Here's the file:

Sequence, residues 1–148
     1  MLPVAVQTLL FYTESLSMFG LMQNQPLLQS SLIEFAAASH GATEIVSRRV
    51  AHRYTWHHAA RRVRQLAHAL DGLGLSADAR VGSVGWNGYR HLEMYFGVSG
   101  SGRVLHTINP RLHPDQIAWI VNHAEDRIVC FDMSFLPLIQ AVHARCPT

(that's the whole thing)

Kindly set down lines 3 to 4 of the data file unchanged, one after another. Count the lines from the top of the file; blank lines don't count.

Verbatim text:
    51  AHRYTWHHAA RRVRQLAHAL DGLGLSADAR VGSVGWNGYR HLEMYFGVSG
   101  SGRVLHTINP RLHPDQIAWI VNHAEDRIVC FDMSFLPLIQ AVHARCPT